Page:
Random Reflections

Economic empowerment is essential for women to participate in different actions and struggles. There are many examples in India where women have mobilised themselves economically to improve their life and also participate in collective action. A few important examples come to mind.

The first is MALAR; Mahalir (women) Association for Literacy Awareness and Rights is a federation of Self-Help Groups (SHGS) in Kanyakumari district of Tamil Nadu. It is a 27 years old women’s organisation, which does not take foreign funds but has become a self-reliant organisation through a membership fee, savings, and using the internet. Women today can avail credit to the tune of Rs 5 lakhs (1/2 million Indian Rupee or ($6000)) without providing any security and use it for the education of their children, housing and economic activities like a small business.
They have 75 full-time staff, 350 part-time staff, 7 offices, and training centres that are totally self-reliant. Women meet every week, discuss various issues and participate in struggles for rights joining with other democratic movements and have participated in local self-government elections successfully and have worked for the upliftment of people in the area.
At present, they have 2000 self-help groups with an average of 20 members covering 40,000 families in a district which has around 4,83,000 families. Now they have member-owned companies, a farmer’s producer organisation, and a small bank called the Nidhi Company; all these function democratically through elected leaders who are changed periodically. They are networked to Vikalp Sangam (Collective of alternatives). For more, visit:

Kudumbashree, Kerala, India
​The Left Front government in the State of Kerala has mobilised women into neighbourhood groups, a modified version of self-help groups from 1997 onwards. The key programmes in economic empowerment are:
—► Micro-Finance
—► Collective Farming
—► Livestock Farming
—► Micro Enterprises
—► Market Development
—► Value Chain Based Strategies
—► Collectives and Consortiums

​In the States’ annual expenditure budget, 30% is allotted to local self-governments and every local self-government spends 10% of it exclusively for the development of women.
​Women are encouraged to get into income-generation activities. Technology and marketing support are provided by the government (for more, visit: This has demonstrated how a government which cares for women can support them economically and improve their families. The ASRAYA programme which is to target the poorest among the poor is a great example.

TIMBAKTU Collective
​Timbaktu Collective is a collective of farmers and women in a drought-prone area of Andhra Pradesh. Here through Co-operatives farmers including women got into organic farming, cattle rearing, goat rearing, chicken rearing, honey collection etc from 1990 onwards which has empowered them economically. They have a member-owned marketing federation. Women are involved in local collective action and nearly 50,000 families are working together to provide an alternative economic development model. This Collective is part of Vikalp Sangam which has many such models working in India (See

NREGA Workers Union
​Mazdoor Kisan Shakti Sangathan (MKSS – Worker, farmer liberation front) which functions in Rajasthan, India has mobilised poorest women who work for 100 days in the government-run programme Called Mahatma Gandhi National Rural Employment Guarantee Scheme. This has helped women to work in a collective, get employment for at least 100 days in a year, save money, have credit groups and participate in political struggles. They prepare proposals for the Panchayats as per government guidelines, and ensure that everyone registered gets 100 days work. They conduct audits and help needy groups with credit. They are also networked with Vikalp Sangam. (See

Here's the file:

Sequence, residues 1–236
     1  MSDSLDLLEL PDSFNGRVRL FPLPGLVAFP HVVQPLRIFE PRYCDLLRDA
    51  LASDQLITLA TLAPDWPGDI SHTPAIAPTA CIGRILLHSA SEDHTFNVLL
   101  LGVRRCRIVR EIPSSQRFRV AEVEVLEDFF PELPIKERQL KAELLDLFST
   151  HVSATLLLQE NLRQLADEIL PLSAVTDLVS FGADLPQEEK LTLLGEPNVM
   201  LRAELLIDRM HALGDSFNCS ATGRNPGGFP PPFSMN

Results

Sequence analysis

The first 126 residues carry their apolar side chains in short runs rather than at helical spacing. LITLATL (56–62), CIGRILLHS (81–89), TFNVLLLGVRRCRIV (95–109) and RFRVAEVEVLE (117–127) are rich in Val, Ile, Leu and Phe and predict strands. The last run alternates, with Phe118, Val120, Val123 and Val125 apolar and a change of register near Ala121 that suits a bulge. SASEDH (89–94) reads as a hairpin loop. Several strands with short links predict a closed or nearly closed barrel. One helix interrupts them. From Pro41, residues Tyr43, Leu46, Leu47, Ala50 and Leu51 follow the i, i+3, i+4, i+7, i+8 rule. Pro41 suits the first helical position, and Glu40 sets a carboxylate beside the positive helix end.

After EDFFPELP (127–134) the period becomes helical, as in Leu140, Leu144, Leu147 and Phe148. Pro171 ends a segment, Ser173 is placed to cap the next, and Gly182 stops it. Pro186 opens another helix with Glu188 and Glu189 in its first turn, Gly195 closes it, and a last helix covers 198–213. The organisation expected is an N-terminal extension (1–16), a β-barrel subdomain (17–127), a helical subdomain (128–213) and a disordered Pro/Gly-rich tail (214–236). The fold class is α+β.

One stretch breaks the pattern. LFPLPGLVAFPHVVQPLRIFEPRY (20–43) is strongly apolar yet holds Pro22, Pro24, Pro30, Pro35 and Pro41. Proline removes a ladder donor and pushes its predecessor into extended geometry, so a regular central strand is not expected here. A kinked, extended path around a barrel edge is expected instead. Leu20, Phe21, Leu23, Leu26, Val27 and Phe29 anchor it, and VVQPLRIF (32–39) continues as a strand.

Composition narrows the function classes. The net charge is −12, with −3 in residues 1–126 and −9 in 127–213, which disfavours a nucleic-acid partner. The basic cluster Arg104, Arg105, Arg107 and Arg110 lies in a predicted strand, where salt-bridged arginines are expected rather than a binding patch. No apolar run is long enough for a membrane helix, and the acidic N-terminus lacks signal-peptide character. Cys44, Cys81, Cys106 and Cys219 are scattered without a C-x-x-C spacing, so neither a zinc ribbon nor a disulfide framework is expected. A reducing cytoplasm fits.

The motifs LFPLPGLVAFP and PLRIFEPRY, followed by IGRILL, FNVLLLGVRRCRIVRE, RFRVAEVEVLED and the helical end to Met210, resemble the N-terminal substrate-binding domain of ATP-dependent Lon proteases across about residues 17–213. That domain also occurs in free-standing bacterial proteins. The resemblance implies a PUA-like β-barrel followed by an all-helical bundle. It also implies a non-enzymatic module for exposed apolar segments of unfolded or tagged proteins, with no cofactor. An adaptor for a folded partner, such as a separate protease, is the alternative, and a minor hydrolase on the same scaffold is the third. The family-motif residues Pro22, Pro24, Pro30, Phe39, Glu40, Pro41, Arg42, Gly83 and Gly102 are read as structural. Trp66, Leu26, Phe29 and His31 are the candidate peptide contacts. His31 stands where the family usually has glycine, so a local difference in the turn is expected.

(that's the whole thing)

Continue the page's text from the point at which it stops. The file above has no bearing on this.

In all of the above experiments, there is overall development in the families, in the education of the children, health care and also participation in community activities.

There are many such models, which may be small but are providing alternatives for democratic participation and local economic models. These are important to provide political and economic alternatives instead of One Nation, One Religion, One Election. There are more groups like PROCHESTA in Assam, North East Network, SAMAM in Pondicherry, VELUGU in Andhra Pradesh, SAMATA in Madhya Pradesh, and the pioneer, SEWA started in Ahmedabad which has spread to many states now. These groups have to come together, share experiences and provide alternatives while resisting communalism and authoritarian government and work for peace, solidarity and brotherhood. Without that, they will disappear over a period of time and the women will be blamed. There are similar models across the world from which we can learn and improve the functioning of these groups and also have collaborations. Latin American countries have many experiments to learn from. The biggest and well-known Bangladesh Grameen Bank initiated by Prof. Mohammad Yunus has been taken over by the government, and it is no more seen as an initiative of the women’s movement. The World Bank is funding many groups as microfinance groups for making a profit out of loans to the poor. They don’t empower women and keep them away from getting politicised. The need of the hour is to identify good models, and network with not just the state within the country and all over the globe.

Thomas Franco is the former General Secretary of All India Bank Officers’ Confederation and a Steering Committee Member at the Global Labour University.

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